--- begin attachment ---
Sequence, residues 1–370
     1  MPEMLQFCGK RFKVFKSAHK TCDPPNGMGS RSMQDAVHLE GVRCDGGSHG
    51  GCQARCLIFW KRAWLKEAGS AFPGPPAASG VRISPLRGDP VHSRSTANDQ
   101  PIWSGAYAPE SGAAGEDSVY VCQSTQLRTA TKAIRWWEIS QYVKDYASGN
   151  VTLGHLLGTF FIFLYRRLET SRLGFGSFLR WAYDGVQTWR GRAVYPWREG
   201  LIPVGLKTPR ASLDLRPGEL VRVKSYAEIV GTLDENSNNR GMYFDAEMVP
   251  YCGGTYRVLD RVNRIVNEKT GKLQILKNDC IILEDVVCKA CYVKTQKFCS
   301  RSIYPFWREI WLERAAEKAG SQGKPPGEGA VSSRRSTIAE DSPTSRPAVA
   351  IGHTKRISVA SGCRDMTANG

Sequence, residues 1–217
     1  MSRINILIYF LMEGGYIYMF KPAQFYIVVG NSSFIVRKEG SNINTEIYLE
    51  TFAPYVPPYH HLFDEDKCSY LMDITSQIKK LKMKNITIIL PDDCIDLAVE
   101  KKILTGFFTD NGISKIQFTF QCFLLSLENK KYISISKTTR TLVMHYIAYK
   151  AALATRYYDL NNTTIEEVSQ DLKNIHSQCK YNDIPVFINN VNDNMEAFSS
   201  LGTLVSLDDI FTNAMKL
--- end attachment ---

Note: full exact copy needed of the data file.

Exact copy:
Sequence, residues 1–370
     1  MPEMLQFCGK RFKVFKSAHK TCDPPNGMGS RSMQDAVHLE GVRCDGGSHG
    51  GCQARCLIFW KRAWLKEAGS AFPGPPAASG VRISPLRGDP VHSRSTANDQ
   101  PIWSGAYAPE SGAAGEDSVY VCQSTQLRTA TKAIRWWEIS QYVKDYASGN
   151  VTLGHLLGTF FIFLYRRLET SRLGFGSFLR WAYDGVQTWR GRAVYPWREG
   201  LIPVGLKTPR ASLDLRPGEL VRVKSYAEIV GTLDENSNNR GMYFDAEMVP
   251  YCGGTYRVLD RVNRIVNEKT GKLQILKNDC IILEDVVCKA CYVKTQKFCS
   301  RSIYPFWREI WLERAAEKAG SQGKPPGEGA VSSRRSTIAE DSPTSRPAVA
   351  IGHTKRISVA SGCRDMTANG

Sequence, residues 1–217
     1  MSRINILIYF LMEGGYIYMF KPAQFYIVVG NSSFIVRKEG SNINTEIYLE
    51  TFAPYVPPYH HLFDEDKCSY LMDITSQIKK LKMKNITIIL PDDCIDLAVE
   101  KKILTGFFTD NGISKIQFTF QCFLLSLENK KYISISKTTR TLVMHYIAYK
   151  AALATRYYDL NNTTIEEVSQ DLKNIHSQCK YNDIPVFINN VNDNMEAFSS
   201  LGTLVSLDDI FTNAMKL